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CMI Women Conference urges leaders to create more inclusive workplaces

CMI Women Conference urges leaders to create more inclusive workplaces

Leading figures from the worlds of business and politics, including Shadow Chancellor Rachel Reeves MP, Baroness Martha Lane-Fox, Minister for Women Maria Caulfield MP, and Sir Trevor Phillips, joined delegates from across the UK for The Chartered Management Institute’s second CMI Women conference in London.

The conference — titled “Our Inclusive Future” — challenged leaders from across the UK to answer the central question, “What are you going to do to make your organisation more inclusive?”

The event in central London heard from experts on topics including socio-economic exclusion as a barrier to career progression, the value of hybrid and flexible working in creating a more diverse and effective workforce, the role that male allies can play and how to shift the mindset of men who do not see it as their job to help create space for women to succeed.

Sessions also explored the growing risks of digital exclusion and what needs to happen to close the so-called ‘say-do gap’ between what employers say is important in addressing workplace exclusion and what they are actively doing to address it.

Following several cases of serious leadership and management failure in the UK, the event also marked the beginning of a new campaign from the CMI to transform the view of management amongst politicians, the media, and the public. 

Ann Francke, OBE, CEO of the Chartered Management Institute, said:

“The CMI Women conference is all about positive action, it’s about what we can all do to turn aspiration for an inclusive future into reality. It was our pleasure to be able to convene so many leading voices from across the corporate, public and political landscape to help us take on this challenge.

“Our Everyone Economy research is clear that women, people with disabilities, people from black and ethnic minority communities and those from lower socioeconomic backgrounds are not represented among the managers and leaders in our workforce. It is up to each of us to play our part in addressing that imbalance.”

Tamara Box, Managing Partner at Reed Smith LLP and the incoming chair of CMI Women, said

“This conference provided an inspiring mix of ideas and real-world action and reminded us all that skilled leadership has never been more crucial to delivering the change that we all want to see and that our economy needs if we are to achieve the growth and prosperity that is within our grasp.”

Rachel Reeves MP, Shadow Chancellor of the Exchequer, said:

“There are still too many barriers in place – and a misunderstanding of the vital role that women play in our economy, getting us towards securing the highest sustained growth in the G7. Britain has so much potential to grow. Our amazing women in business show we have the talent, and that we have the capacity.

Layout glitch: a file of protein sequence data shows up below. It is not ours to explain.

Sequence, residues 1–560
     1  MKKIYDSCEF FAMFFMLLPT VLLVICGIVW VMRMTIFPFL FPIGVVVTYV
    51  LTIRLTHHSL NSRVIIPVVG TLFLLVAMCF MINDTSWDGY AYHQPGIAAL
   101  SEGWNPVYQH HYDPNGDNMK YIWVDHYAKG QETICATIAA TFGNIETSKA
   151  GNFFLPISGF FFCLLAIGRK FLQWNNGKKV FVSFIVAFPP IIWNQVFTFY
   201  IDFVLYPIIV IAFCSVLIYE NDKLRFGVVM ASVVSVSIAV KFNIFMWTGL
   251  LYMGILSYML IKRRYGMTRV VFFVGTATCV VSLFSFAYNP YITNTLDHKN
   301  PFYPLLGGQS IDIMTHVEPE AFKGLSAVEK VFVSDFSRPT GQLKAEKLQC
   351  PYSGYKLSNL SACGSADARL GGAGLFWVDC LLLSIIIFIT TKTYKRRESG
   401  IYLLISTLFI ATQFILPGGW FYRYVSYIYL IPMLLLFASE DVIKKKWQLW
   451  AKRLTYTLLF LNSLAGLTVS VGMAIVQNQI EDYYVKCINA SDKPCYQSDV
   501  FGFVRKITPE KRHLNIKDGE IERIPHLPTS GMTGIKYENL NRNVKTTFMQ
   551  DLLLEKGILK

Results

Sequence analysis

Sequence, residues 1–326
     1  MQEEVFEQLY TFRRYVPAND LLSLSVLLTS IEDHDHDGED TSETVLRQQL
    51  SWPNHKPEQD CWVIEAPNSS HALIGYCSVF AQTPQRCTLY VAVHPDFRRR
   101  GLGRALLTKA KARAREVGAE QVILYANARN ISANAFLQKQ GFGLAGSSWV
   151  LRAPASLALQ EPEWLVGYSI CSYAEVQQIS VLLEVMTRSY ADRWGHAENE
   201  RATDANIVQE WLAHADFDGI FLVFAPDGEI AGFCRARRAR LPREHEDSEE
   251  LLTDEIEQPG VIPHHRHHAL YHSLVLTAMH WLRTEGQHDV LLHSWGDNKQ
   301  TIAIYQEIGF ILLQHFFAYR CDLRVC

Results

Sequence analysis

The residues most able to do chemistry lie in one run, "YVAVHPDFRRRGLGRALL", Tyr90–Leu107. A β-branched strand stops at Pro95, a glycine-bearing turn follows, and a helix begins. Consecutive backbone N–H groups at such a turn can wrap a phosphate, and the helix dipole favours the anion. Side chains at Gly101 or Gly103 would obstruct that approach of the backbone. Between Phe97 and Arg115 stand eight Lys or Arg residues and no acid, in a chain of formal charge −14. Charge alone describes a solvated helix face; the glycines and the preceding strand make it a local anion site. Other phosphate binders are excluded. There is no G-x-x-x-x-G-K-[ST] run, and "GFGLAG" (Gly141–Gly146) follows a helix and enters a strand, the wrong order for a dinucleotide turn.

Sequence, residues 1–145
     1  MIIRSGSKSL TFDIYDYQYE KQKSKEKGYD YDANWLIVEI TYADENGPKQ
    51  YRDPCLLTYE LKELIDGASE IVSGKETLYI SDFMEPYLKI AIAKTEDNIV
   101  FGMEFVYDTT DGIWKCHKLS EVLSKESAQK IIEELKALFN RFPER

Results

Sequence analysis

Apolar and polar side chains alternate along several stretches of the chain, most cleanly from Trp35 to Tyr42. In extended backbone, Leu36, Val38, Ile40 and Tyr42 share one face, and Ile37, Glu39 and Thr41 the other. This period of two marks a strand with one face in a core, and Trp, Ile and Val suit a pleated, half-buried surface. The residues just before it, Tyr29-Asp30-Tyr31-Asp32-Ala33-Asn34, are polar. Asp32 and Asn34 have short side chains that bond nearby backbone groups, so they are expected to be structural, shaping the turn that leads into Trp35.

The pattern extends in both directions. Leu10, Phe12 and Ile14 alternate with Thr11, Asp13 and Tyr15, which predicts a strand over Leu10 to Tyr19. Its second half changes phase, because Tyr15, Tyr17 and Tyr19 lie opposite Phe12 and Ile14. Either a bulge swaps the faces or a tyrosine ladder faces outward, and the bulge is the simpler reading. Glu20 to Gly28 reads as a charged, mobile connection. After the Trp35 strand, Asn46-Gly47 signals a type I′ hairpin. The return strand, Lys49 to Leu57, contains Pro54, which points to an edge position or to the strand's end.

“Women already do so much to boost growth, and I know hold the key to building a stronger economy.

“From our Start Up, Scale Up review to our plan to help get women currently shut out back into the workplace, to our review into the Gender Pay Gap, a Labour government will recognise the contribution women bring and get that on rocket boosters so everyone’s potential can be realised.”

Maria Caulfield MP, Minister for Women, said:

“Employers should be free to decide for themselves how best to promote a culture of inclusion, and we want to support them to do so.

“We have launched an Inclusion at Work panel to tackle bias and ensure fairness, returners programmes to help get people who have left their career for caring responsibilities back into the workplace, and our ‘Taskforce on Women-Led High-Growth Enterprise’ to support women founding big businesses.

“Everyone in this country should have the opportunity to achieve their goals, no matter what their background or where they come from.”

Baroness Martha Lane Fox said:

“Everybody can lead, and lead with purpose. The defining difference between people who are spectacular and those who do their jobs are those leaders who take on that wider responsibility, their impact on society, and their organisational impact in society.

“We have to lead with purpose. We’re already seeing that when people come into the workforce right now, they don’t want to work for organisations that haven’t stated what they are doing to contribute to the world.”

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